"One of the biggest problems this fall is
going to be the promotion of these crime dramas," he says. "It adds a sameness
to network television that's a shame. We always hurt each other when we
do the same thing."
CBS President Les Moonves says he studied
the Law & Order model in expanding CSI, currently the
highest-rated drama. The network will examine the ratings for CSI: Miami,
the first spinoff, before deciding whether to do more.
Wolf finds differences between the L&O
and CSI styles. "CSI, from what I can see, is kind of like
you could almost re-use the scripts in Miami," he says. "It's not quite
the same methodology, which is creating a brand as opposed to duplicating
The CSI producers maintain that their
Miami series will be quite different from the original. They say the Miami
characters will be more extroverted and have more conflicts. The Las Vegas-set
is a night show while CSI: Miami will be a day show filled with
color and ocean.
Still, CSI has a long way to go to
match the Wolf brand, one he compares to Campbell's soup. "If you want
tomato or chicken noodle, they're all going to be good if they've got that
red label on it," he says. From the L&O brand, viewers expect
"a certain level of quality writing and production value, which we've been
able to supply."
The various Law & Order soups will
have different flavors this fall. Oscar winner Dianne Wiest is leaving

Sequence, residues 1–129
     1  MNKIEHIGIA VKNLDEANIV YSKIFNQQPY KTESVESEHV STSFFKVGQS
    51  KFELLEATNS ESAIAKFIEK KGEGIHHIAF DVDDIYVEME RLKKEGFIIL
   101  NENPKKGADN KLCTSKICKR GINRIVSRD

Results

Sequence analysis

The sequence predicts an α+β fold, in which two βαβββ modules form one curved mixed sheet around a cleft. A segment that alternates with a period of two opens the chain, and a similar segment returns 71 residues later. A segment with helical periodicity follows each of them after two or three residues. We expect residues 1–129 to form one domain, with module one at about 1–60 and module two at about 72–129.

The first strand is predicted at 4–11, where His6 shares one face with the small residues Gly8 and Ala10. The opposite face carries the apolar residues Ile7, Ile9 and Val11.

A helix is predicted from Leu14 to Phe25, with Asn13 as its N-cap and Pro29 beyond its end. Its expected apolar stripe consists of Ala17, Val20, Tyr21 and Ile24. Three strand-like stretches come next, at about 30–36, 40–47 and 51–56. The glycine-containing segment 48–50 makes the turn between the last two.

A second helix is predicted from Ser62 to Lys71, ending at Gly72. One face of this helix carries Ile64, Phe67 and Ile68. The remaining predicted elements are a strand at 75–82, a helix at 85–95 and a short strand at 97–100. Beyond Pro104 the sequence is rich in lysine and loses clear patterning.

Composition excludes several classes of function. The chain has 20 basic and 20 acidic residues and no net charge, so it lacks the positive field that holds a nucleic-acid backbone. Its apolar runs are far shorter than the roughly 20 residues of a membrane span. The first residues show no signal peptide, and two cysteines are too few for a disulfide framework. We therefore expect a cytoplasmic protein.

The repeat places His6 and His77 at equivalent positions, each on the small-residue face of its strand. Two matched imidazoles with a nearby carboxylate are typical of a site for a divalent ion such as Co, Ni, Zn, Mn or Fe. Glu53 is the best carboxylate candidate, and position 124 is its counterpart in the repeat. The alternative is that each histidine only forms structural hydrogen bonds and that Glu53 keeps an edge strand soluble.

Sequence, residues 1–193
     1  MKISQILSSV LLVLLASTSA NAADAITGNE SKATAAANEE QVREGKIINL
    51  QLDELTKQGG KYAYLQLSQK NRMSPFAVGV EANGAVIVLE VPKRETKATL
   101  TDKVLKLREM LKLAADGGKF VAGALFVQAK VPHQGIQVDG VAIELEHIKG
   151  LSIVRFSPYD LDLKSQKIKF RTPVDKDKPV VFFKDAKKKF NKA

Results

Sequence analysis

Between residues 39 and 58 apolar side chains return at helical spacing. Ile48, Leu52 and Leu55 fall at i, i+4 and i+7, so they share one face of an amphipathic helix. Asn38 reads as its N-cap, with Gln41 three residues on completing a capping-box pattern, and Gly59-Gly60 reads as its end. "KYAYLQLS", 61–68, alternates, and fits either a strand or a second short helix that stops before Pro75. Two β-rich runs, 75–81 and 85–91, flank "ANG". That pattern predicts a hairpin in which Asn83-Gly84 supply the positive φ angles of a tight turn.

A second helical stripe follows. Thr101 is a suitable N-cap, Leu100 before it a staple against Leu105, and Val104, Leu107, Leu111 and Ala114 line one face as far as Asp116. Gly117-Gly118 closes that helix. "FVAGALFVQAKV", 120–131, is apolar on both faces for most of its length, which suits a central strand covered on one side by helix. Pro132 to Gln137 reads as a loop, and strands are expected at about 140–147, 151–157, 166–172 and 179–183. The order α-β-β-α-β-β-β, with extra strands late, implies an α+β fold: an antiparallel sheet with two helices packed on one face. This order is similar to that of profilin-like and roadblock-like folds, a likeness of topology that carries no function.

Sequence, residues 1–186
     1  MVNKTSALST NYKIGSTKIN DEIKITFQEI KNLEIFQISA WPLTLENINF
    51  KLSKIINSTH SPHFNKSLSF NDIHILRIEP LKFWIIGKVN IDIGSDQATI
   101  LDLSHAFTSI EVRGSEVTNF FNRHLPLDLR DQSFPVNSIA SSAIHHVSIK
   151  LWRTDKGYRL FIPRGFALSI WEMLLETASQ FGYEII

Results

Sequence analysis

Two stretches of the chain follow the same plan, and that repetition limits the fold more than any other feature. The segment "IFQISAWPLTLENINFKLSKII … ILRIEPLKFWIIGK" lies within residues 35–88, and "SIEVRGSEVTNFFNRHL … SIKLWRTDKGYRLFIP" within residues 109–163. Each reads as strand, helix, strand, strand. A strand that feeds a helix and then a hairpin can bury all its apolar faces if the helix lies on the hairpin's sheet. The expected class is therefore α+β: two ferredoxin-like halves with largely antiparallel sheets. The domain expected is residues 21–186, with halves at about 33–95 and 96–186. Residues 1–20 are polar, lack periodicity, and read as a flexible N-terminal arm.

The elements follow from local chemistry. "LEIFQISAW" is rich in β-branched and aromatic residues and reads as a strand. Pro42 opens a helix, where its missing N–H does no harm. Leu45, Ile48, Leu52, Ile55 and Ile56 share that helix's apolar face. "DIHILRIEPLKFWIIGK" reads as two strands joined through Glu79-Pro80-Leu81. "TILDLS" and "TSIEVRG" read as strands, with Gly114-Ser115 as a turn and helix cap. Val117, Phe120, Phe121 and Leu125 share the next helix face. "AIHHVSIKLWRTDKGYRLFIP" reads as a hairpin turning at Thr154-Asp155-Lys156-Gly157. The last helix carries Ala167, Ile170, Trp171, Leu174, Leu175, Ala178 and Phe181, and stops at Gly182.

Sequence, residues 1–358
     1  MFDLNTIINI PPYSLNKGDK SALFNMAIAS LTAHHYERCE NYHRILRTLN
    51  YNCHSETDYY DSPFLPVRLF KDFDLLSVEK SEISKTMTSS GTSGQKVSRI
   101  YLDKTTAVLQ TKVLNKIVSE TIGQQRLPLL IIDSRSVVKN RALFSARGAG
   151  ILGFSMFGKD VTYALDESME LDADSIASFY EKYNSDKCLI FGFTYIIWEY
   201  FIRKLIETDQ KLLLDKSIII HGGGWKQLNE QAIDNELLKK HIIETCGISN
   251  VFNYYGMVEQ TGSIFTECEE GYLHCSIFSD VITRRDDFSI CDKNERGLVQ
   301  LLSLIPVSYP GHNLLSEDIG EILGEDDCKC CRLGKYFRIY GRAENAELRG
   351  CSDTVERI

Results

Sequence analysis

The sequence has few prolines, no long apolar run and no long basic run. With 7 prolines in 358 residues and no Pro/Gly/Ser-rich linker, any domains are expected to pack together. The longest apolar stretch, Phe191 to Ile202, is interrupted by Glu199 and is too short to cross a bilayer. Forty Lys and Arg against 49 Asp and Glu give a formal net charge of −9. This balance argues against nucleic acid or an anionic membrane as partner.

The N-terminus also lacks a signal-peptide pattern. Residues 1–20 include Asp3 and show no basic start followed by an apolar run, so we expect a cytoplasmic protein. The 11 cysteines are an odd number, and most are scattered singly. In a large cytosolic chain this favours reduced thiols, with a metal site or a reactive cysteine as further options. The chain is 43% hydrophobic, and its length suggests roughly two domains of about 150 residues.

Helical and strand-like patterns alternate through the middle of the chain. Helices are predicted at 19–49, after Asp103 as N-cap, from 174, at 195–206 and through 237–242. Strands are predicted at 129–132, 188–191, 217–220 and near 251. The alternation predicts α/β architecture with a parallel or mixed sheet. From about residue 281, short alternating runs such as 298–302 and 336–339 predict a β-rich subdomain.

Law & Order, and her character will be replaced by a conservative district
attorney, executive producer Michael Chernuchin says.
"We're doing a lot of the after-effects of
9-11 -- nothing to do with the actual terrorism, but the way the world
has changed since then," Chernuchin says. "There's more of a law-and-order
attitude around the country right now. The Fourth Amendment is dwindling
On Special Victims Unit, Broadway actor
B.D. Wong becomes a regular, and Judith Light returns as the SVU
bureau chief. Mary Kay Place and Jane Powell act in an episode about elder
abuse. Pam Grier plays an assistant U.S. attorney. Sharon Lawrence portrays
a serial killer.
Criminal Intent will do headline-inspired
episodes on a boy genius and a notorious crematoria. The show also brings
on a recurring villain who will function like a Professor Moriarty to the
Sherlock Holmes of Detective Robert Goren (Vincent D'Onofrio). Criminal
Intent is more of a star vehicle than the other series, Wolf says, because
it gives D'Onofrio a career-defining role like Peter Falk's Columbo.
Setting any Law & Order series
outside New York is unthinkable for Wolf. "It is kind of Dickens' London
that those characters can all interact," he says. "It's pretty hard if
one cast is in Chicago."
Wolf has an idea for what the next Law
& Order could be, but he's not sharing it. "The whole secret of
the success of the shows [is] the writers," he says. "Once the writing
goes, the shows are over."
Law & Order
Perfect for NYC Actors
By Fraizer Moore
August 27, 2002
If you're a fan, you see Law & Order
a complex crime drama whose weekly path to justice takes lots of twists
- with lots of people to investigate along the way.